But how do we show hospitality to the stranger far away from our congregations, neighborhoods, and communities? Together as our ELCA, we can do this through our gifts of Mission Support dollars, which is the money your congregation shares with your synod, who in turn shares a percentage with our ELCA. Through your generosity we can show hospitality across the U.S. as we grow new congregations, and around the globe as we partner with Lutheran World Federation and provide missionaries and young adults in global mission. Through your generosity we can show hospitality across the U.S. as we grow new congregations, and around the globe as we partner with Lutheran World Federation and provide missionaries and young adults in global mission.

Hearing and sharing these stories of hospitality is important; it’s the work we do together as the Church! Luckily, mission interpreters do just that. They are a network of storytellers who share stories about the hospitality and generosity of your congregation, of your synod and of God’s mission in the world through our churchwide organization. If you think your congregation could benefit from having a mission interpreter tell these stories, or if you’d like more information about the ministry, please contact Denise Ballou.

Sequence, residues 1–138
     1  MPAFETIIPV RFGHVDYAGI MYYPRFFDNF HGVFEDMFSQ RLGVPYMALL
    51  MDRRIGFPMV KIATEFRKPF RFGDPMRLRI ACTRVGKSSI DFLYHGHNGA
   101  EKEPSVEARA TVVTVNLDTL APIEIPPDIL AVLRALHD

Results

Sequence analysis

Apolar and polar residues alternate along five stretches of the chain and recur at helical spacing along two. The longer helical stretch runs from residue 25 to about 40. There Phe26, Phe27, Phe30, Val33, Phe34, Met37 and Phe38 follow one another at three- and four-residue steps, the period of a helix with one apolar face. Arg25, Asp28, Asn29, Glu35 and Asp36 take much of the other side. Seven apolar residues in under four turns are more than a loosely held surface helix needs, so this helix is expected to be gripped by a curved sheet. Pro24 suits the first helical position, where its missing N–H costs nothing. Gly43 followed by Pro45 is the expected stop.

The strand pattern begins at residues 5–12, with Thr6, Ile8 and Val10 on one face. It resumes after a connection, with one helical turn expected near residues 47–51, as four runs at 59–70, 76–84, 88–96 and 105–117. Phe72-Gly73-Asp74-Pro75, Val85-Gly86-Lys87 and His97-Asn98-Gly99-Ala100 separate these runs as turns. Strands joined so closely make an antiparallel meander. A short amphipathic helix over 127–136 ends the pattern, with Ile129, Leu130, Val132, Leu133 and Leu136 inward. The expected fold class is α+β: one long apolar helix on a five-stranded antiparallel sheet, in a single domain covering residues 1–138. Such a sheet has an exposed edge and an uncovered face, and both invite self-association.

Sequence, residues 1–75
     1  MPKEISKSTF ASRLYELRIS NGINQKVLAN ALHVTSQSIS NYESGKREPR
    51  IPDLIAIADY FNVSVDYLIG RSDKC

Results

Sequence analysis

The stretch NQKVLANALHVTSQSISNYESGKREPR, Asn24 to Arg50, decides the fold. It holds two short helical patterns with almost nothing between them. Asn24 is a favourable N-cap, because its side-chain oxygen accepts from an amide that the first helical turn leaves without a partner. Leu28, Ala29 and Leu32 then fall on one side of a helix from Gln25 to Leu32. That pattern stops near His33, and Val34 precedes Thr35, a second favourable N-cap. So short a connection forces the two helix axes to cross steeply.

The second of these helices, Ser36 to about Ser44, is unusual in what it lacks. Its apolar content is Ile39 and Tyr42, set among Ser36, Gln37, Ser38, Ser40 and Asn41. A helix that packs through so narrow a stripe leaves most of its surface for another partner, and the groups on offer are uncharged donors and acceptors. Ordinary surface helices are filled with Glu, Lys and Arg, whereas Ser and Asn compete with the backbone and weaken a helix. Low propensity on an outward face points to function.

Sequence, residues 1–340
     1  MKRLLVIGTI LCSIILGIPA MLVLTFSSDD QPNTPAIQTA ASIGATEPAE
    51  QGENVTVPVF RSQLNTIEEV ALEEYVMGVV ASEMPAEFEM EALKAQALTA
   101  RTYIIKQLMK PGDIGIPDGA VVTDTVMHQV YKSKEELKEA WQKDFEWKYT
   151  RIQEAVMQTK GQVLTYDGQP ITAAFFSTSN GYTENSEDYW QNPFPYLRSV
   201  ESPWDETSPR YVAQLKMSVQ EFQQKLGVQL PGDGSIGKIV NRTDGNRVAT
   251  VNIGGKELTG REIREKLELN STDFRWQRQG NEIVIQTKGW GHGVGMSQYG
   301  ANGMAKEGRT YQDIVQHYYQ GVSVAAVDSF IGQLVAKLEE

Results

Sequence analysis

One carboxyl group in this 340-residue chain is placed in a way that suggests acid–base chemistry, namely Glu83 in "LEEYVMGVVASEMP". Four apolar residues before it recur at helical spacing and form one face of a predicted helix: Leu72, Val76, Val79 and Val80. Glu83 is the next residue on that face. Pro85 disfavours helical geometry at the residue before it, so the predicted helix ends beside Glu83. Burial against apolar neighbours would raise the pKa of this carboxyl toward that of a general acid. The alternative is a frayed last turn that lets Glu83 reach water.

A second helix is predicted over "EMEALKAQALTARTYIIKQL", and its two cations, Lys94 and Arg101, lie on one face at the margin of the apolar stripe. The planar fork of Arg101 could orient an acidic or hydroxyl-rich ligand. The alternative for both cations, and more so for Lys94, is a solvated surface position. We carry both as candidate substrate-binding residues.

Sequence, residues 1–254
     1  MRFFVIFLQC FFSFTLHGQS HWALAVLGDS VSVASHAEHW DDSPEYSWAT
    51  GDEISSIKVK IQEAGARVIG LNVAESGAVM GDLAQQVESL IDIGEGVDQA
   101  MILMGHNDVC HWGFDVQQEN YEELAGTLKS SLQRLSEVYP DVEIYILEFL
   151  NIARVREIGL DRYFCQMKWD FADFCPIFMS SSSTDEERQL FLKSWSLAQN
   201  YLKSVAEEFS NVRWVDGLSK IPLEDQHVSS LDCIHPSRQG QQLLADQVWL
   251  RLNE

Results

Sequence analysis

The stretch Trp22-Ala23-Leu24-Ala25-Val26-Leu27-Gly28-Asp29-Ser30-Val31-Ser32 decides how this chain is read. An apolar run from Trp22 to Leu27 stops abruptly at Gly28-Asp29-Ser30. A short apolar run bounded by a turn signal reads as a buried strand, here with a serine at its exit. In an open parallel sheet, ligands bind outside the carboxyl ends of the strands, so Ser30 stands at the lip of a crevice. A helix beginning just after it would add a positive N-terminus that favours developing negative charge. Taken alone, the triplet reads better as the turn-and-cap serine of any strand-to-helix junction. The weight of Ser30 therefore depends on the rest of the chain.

Other items of interest
Resources, events and more

  • Siebert Lutheran Foundation’s annual "Change or Die" conference provides an opportunity for Lutheran ministry leaders to learn from thoughtful speakers and each other, to network, and to be encouraged. Many presentations from the 2018 event this past fall were captured on video, including this inspiring presentation by ELCA Rev. Dr. Lisa Bates-Froiland on how hospitality helped revive Redeemer Lutheran Church, in downtown Milwaukee.
  • The Generosity Project (TGP) connects generations and equips households to be centers for the faith practice of generosity. Many new resources are available for download, "Generosity Project Intro" (a 36-slide overview with photos), "Foundation and Fundamentals" (for understanding the research and theology behind TGP), "TGP: 5G Planning Guide" (collecting all six 5G sessions) and "TGP: 5G Sessions I & II" (to get started planning). Consider using the six TGP sessions as your Lenten focus this year. Join the Facebook Group to download resources and learn more.
  • Looking for ideas, resources and events concerning faith formation and youth ministry? Check out these great networks and websites that are part of our ELCA ecosystem: ELCA Youth Gathering, ELCA Youth Ministries Network, the Lutheran Outdoor Ministry Network, the Lutheran Campus Ministry Network, and Ministry Links Online.
  • stewardCast, a free webcast on Saturday, March 3, from 10:30 a.m. to 12 p.m. (CST), aims to thank, inform, teach, inspire and connect current and new steward leaders, offering fresh perspectives, practices and skills to address the challenges and issues we face in stewarding our congregations and communities. The intended audience includes individual rostered and lay leaders, congregational stewardship committees and teams, and synodical Mission Support and stewardship tables. Watch elca.org/stewardship for connection information, or register here to receive future details.